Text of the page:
Here is Aleksander’s definition:
consciousness is a “collection of mental states and capabilities that include:
1. a feeling of presence within an external world,
2. the ability to remember previous experiences accurately, or even imagine events that have not happened,
3. the ability to decide where to direct my focus,
4. knowledge of the options open to me in the future, and
5. the capacity to decide what actions to take.”
If a machine endowed with language could report similar sensations Aleksander reckons then we would have as much reason to assume that it is conscious as we have with another human being. I suspect the five points are framed in this way as to allow the construction of an artefact that could be said to be ‘conscious’, thus satisfying the metaphysical first principle that humans are machines.
Aleksander has built a machine ‘VisAw’ which he claims satisfy points 1, 2 and 3.
The machine is a set of artificial neural networks with the inputs and outputs displayed on a computer screen. There is a picture of the screen in the referenced article.
VisAw is based on the architecture of the part of the human brain called the extrastriate cortex – ie Brodmann areas 18, 19 and 37. The cortex was studied microscopically by K Brodmann (1868-1916) in 1909 and various areas were found to have different structures now given numbers. The various functions of the cortex are only loosely related to the Brodmann areas. The parts of the cortex involved in vision are labeled V1, V2, V3, V4 and V5. The striate cortex (V1 located in B17) is so named because it is striped or striated.
Simplistically and briefly, V1 maps to the retina and detects edges; V2 ‘fills in’ illusory edges; V3 is concerned with motion; V4 is concerned with spatial frequency, shape and colour and is affected by attention; V5 is concerned with the perception of motion and the guiding of some eye movements (the ‘picture’ of our surroundings is built up from many snapshots from the central sensitive area of the retina). (Damage to one or other of these areas of the brain results in a characteristic neurological disorder such as not being able to perceive motion).
VisAw models V3, V4 and V5 at least to some extent.
Let’s look at Aleksander’s points more closely:
1) a feeling of presence within an external world.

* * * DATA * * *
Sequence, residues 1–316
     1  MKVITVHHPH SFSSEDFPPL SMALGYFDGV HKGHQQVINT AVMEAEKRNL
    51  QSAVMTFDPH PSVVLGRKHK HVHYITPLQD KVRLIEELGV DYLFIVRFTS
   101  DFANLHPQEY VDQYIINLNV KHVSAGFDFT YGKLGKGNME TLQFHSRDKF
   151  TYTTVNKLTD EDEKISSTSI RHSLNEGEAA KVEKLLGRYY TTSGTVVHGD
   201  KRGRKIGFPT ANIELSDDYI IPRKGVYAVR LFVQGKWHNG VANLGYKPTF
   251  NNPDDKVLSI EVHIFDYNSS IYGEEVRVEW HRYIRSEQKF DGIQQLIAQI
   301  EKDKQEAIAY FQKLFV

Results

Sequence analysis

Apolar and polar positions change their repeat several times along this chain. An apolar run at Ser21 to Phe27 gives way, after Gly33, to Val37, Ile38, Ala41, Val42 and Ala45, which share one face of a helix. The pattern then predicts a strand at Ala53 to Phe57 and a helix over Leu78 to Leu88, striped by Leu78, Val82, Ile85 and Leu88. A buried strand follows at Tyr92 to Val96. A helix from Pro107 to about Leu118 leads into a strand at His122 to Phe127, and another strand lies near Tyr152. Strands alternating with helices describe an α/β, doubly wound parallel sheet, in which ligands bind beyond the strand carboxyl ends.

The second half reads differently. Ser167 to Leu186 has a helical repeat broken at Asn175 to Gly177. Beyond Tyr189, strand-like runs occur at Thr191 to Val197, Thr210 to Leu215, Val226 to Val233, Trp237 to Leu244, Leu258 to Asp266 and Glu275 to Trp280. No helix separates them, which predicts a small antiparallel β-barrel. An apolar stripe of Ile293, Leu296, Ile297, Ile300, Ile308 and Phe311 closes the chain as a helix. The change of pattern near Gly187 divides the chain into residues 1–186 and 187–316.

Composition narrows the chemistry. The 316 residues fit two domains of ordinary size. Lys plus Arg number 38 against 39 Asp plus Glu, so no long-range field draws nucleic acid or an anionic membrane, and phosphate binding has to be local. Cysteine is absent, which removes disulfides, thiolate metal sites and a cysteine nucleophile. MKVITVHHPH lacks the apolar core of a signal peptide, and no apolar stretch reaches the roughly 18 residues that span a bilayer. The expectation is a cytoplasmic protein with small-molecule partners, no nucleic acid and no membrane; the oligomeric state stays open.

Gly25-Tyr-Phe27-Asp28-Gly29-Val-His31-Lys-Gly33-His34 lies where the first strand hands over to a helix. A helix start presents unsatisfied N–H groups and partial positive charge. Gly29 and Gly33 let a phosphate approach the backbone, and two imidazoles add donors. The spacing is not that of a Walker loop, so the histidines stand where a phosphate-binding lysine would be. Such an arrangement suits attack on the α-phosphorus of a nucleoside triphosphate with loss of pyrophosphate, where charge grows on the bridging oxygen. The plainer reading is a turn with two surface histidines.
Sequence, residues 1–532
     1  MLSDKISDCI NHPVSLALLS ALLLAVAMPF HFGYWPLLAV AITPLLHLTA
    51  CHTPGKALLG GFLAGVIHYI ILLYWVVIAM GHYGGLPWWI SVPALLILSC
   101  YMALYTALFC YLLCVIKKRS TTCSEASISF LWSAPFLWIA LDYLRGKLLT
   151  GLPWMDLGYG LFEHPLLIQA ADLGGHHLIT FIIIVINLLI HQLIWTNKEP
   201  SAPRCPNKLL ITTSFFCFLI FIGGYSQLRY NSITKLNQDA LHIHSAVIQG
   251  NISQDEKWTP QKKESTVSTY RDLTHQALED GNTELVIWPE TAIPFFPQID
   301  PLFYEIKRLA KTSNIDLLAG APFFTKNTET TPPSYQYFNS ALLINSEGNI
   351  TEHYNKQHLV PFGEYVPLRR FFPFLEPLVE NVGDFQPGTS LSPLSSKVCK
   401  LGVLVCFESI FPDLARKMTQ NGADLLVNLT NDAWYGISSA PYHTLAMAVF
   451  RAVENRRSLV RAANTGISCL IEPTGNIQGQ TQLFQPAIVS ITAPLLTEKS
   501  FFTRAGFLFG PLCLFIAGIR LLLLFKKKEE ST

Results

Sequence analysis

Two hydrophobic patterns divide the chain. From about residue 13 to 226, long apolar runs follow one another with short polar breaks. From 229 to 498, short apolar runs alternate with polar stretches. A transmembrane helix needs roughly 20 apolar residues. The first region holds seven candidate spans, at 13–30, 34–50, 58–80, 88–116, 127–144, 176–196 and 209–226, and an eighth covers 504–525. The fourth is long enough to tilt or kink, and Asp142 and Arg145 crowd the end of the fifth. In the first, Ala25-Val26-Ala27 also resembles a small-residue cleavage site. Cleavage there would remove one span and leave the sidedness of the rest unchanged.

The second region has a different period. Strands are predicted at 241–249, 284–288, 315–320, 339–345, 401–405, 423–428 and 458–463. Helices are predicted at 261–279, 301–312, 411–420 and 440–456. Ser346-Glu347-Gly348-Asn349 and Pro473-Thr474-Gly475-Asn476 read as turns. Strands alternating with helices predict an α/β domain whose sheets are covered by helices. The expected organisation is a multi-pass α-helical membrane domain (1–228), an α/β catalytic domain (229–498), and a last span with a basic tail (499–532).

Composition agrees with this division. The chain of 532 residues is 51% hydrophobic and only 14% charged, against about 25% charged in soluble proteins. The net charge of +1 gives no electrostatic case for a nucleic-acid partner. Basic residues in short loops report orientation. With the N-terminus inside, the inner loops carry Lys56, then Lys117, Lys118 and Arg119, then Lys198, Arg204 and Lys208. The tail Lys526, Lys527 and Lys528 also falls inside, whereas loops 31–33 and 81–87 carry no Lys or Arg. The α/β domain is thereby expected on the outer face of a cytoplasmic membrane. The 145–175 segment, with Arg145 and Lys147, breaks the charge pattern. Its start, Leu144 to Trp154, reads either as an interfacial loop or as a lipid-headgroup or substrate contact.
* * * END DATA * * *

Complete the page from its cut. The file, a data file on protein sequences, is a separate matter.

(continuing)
Applying this to humans, most people will certainly regard this as true for themselves, but Aleksander asks how do we know this for others? One test is to ask them whether they feel they are in an external world. A reasonable test you might think, but not one that is 100% reliable. The following simple program can do this but few would consider the answer as reflecting the internal feeling.
IF x = “Do you feel you are present in an external world?” THEN
OUTPUT “of course”
You might think this example is too ridiculous for anyone to be taken in by it, but many simple conversational programs have done so (eg ELIZA [Weizenbaum 1976] fooled some people into revealing intimate secrets and some practicing psychiatrists believed that ELIZA could develop into an automatic form of psychotherapy). It is only when the mechanism of how the program functions is revealed that the magic disappears. Here’s an example:
Person: “My dog’s mother died recently.”
ELIZA: Tell me more about your mother
(it doesn’t recognise anything in the person’s statement apart from the word ‘mother’)
Aleksander contends that by suitable manipulation “the content of a machine’s ‘mind’ can be made transparent and observable, [so] attributing consciousness to it may be no more outlandish than attributing consciousness to a living creature.” Obviously my little program would fail this test. In the case of a neural network the workings are relatively obscure since they do not depend on rules written by a programmer but they are not necessarily any more magical. The display of a message “I am imagining” does not presuppose any ‘I’ attached. If we expose the workings of VisAw it is not clear that there are any feelings connected to it. So it is difficult to see how we would know that the machine has any feeling at all. Leibniz made the same point: “Perception and that which depends upon it are inexplicable on mechanical grounds, that is to say, by means of figures and motions. And supposing there were a machine, so constructed as to think, feel, and have perception, it might be conceived as increased in size, while keeping the same proportions, so that one might go into it as into a mill. That being so, we should, on examining its interior, find only parts which work one upon another, and never anything by which to explain a perception.” (Liebniz 1714)
From what I can tell of VisAw it seems to ‘remember’ and ‘recognise’ two dimensional pictures of human faces. Humans and other living creatures exist in three dimensions. According to the psychologist JJ Gibson perception depends on the creature being able to move in the real world and so build up a three dimensional model of the world in which it is located and moves, rather than a world which rotates around the creature, as if on a TV screen.[Gibson 1986]
2. the ability to remember previous experiences accurately, or even imagine events that have not happened.
It could be argued that a DVD recorder has the ability to remember audio visual experiences but it seems unlikely that such a machine would be conscious. Thus displaying the contents of VisAw’s memory does not illustrate consciousness. Nor does the recombination of several parts of previous experiences demonstrate imagination, I would contend. Imagination is creative not merely reconstructive. A display on the computer screen saying “I am imagining” does not constitute imagining.
On the other hand humans don’t remember accurately anyway. A robot that was similar cognitively to a human but with an ‘accurate memory’ would probably illustrate the phenomenon of the ‘uncanny valley’. This refers to the revulsion humans typically experience when a robot is visually almost indistinguishable from a human being. Such robots are experienced as distinctly ‘creepy’.